The owners of a fourth-generation family farm in New Jersey that produces vegetables and other crops is fighting in court to overturn a $550,000 fine over a paperwork error – they used the wrong words to describe a meal program for employees.
Further, the lawsuit challenges the government agency that imposed the fine – the U.S. Department of Labor – for acting as prosecutor and judge in the action against the family.
The Institute for Justice said the fight already is years old.
But the lawsuit against the DOL is new.
It is on behalf of Sun Valley Orchards of Swedesboro, N.J., and owners Joe and Russell Marino.
“These penalties could destroy a fourth-generation family farm, and yet they’ve been imposed without the Marinos ever seeing a real federal judge,” said IJ Senior Attorney Rob Johnson. “The Constitution guarantees an independent judiciary, and that means employers like the Marinos are entitled to a real trial in a real court before the government can destroy their business.”
The situation developed starting in 2015 when the farm owners needed additional workers.
“For the first time ever, they decided to participate in the federal government program that would let them hire seasonal legal immigrants carrying H-2A visas. Because Joe and Russell knew that the program was complex, they hired a consultant to help them work through the paperwork,” the Institute explained.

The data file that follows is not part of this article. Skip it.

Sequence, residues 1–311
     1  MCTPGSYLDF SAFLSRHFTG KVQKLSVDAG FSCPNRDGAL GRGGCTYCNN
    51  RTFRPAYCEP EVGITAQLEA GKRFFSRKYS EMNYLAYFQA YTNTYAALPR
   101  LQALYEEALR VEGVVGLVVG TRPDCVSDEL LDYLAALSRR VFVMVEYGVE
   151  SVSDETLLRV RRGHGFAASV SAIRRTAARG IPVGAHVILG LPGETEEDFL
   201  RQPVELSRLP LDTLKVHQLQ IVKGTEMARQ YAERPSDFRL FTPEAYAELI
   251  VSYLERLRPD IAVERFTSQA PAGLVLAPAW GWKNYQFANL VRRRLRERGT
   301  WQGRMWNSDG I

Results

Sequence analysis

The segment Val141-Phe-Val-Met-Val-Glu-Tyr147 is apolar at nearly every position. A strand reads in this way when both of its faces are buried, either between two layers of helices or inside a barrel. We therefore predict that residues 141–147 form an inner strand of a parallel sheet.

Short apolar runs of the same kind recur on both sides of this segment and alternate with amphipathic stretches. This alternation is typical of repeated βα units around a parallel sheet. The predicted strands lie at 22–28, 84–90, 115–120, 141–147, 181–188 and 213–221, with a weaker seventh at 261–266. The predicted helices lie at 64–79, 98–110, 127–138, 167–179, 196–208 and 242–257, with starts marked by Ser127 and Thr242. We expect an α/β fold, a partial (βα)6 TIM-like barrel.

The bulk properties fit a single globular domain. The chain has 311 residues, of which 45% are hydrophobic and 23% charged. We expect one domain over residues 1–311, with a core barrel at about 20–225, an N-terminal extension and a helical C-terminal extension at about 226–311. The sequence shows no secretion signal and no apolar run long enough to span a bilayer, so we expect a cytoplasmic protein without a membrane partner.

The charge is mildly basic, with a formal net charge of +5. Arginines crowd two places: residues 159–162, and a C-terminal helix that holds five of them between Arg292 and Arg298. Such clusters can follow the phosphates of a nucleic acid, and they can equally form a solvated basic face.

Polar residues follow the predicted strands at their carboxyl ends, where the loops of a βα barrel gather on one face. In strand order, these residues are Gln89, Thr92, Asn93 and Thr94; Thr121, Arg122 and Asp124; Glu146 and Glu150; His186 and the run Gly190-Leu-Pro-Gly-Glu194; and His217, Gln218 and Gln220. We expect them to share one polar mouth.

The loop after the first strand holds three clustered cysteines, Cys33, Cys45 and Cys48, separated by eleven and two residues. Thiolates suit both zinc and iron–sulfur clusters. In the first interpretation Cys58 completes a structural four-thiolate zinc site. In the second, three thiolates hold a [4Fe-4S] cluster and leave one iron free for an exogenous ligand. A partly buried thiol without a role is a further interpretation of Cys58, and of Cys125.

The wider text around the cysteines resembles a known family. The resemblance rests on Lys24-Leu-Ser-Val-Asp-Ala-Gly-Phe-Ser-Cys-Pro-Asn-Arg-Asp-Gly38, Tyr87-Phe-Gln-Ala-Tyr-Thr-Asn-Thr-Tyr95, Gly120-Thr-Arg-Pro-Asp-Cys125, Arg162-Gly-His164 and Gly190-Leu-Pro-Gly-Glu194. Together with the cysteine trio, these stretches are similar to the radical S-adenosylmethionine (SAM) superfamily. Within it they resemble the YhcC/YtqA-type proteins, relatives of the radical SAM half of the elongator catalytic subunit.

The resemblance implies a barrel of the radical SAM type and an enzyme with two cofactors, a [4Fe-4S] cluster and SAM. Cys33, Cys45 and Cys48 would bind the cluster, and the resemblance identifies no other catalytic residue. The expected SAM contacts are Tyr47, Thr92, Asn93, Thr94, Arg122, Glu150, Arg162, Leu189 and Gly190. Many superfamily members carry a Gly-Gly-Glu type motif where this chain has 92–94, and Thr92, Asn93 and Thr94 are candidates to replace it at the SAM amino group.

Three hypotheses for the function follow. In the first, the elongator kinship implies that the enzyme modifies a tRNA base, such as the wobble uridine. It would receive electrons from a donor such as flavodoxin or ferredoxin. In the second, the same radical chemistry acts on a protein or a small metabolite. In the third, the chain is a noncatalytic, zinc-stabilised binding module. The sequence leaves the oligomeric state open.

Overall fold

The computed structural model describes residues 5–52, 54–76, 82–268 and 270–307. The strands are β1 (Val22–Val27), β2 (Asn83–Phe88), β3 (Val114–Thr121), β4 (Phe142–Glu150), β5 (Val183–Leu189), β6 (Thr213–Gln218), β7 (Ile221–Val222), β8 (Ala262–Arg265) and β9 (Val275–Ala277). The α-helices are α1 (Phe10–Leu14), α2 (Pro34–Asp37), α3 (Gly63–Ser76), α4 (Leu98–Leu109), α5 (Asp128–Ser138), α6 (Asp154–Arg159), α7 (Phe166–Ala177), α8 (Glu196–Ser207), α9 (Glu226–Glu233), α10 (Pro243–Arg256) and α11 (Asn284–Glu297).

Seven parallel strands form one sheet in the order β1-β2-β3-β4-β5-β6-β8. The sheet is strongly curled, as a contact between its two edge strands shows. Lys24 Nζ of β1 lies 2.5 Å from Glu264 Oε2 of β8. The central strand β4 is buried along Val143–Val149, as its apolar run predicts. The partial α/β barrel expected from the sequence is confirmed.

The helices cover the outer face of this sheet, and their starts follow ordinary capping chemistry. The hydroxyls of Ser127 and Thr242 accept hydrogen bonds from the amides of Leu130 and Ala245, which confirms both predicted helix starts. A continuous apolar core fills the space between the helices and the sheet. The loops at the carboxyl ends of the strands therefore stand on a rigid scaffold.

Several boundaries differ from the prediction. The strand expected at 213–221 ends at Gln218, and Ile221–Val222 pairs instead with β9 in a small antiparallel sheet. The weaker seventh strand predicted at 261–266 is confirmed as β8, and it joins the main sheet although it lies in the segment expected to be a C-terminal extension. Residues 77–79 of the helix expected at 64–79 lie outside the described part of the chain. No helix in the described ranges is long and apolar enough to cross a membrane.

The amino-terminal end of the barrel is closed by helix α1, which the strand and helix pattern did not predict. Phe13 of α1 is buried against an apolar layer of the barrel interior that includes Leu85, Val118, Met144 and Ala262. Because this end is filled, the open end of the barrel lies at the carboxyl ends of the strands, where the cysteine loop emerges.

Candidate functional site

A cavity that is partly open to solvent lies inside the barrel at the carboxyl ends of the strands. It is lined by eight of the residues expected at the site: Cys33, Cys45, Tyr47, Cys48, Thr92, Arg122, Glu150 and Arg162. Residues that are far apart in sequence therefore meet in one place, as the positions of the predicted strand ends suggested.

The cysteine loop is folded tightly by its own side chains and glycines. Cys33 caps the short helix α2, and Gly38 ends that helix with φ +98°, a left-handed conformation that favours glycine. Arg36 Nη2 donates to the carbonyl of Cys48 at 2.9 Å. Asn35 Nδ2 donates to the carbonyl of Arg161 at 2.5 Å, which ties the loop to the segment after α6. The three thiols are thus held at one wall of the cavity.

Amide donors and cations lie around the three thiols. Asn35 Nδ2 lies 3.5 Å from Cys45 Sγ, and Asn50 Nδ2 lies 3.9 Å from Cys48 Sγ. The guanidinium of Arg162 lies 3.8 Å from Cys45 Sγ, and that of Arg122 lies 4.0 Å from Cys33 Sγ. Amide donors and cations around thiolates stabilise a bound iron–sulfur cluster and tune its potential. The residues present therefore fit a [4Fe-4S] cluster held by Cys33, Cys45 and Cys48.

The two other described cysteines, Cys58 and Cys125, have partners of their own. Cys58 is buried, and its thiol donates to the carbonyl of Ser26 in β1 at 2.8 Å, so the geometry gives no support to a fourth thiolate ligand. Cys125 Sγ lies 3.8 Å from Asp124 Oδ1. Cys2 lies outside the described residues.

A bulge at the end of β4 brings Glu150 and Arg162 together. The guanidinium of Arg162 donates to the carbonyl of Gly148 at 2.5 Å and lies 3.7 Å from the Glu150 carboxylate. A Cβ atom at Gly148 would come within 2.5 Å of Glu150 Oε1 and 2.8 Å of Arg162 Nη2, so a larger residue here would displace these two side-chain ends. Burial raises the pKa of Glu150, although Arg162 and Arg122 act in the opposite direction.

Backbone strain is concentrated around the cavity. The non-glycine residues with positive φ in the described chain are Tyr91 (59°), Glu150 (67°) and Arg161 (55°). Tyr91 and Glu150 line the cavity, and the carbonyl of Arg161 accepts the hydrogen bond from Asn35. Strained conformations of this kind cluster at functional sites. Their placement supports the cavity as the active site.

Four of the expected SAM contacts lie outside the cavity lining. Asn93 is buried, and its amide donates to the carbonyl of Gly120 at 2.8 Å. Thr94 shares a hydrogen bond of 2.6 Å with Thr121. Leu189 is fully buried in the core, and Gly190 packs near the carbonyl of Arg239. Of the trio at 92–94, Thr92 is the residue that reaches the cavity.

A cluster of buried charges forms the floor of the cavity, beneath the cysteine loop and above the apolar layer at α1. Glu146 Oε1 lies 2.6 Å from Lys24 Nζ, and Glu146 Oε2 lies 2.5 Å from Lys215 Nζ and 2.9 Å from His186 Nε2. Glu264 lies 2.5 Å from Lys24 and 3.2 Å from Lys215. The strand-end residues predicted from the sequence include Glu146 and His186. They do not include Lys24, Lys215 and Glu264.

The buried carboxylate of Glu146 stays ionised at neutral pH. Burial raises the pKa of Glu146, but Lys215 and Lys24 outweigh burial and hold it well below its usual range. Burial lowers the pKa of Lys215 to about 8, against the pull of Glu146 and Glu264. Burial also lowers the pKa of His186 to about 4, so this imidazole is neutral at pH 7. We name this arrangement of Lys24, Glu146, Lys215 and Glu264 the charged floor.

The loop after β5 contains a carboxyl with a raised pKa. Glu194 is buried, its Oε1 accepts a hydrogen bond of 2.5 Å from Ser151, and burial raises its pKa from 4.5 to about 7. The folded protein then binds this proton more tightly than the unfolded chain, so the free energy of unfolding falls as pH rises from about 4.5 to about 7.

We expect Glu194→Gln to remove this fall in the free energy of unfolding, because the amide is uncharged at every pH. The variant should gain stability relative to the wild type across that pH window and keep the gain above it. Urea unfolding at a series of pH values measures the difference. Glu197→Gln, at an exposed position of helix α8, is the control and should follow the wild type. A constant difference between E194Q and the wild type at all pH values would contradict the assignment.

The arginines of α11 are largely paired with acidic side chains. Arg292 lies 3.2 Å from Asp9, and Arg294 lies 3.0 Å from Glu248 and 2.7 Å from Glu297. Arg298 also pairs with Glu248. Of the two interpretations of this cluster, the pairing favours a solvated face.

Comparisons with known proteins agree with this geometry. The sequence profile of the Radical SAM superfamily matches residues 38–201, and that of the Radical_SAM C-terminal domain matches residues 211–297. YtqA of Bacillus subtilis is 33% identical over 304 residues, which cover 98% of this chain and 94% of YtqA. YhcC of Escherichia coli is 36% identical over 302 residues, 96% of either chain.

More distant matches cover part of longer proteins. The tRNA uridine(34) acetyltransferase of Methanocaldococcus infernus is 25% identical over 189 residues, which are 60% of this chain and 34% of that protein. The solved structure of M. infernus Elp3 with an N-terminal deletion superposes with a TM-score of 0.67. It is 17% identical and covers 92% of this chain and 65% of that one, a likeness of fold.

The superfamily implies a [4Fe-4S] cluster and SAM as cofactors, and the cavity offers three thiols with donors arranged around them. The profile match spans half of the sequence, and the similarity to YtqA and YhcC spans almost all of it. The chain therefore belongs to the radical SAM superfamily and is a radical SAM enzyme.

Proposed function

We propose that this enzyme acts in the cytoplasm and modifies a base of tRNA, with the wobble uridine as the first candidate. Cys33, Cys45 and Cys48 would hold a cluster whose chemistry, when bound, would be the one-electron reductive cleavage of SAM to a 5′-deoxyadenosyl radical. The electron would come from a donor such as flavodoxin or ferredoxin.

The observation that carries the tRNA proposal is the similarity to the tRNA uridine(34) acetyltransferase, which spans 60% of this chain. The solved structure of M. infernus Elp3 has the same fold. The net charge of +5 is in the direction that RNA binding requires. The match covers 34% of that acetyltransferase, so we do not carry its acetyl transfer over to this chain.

An inspector visited in 2015 and confirmed there were no problems with their compliance.
Then, months later, another DOL official delivered a letter assessing $550,000 in penalties because “their paperwork did not use the right language to describe the otherwise legal meal plan the farm offered workers,” the IJ said.
In fact, the same plan was used later, with the proper words, without a complaint from the DOL.
“It was a shock to be first told everything was fine and then months later handed a devastating fine,” said Joe Marino. “From the moment we were handed the letter stating the penalties, the process felt rigged against us. All we want is an opportunity for a fair hearing to take a hard look at the facts in our case and whether the punishment fits the offense. It’s what every American should get when their livelihood is on the line.”
The Marinos fought inside the administrative law system for years, but found problems since the department “created the rules and the penalties,” and then “employs the investigators, the administrative law judges that hear cases, and the board that considers appeals.”
In addition to seeking an impartial judicial process, the new legal fight seeks a court ruling on whether the fine violates the Eighth Amendment’s ban on excessive fines.
“Hundreds of thousands of dollars in fines for a first-time paperwork violation is totally out of proportion,” said IJ Attorney Renée Flaherty. “Fortunately, the Constitution guarantees that a punishment must fit the offense.”
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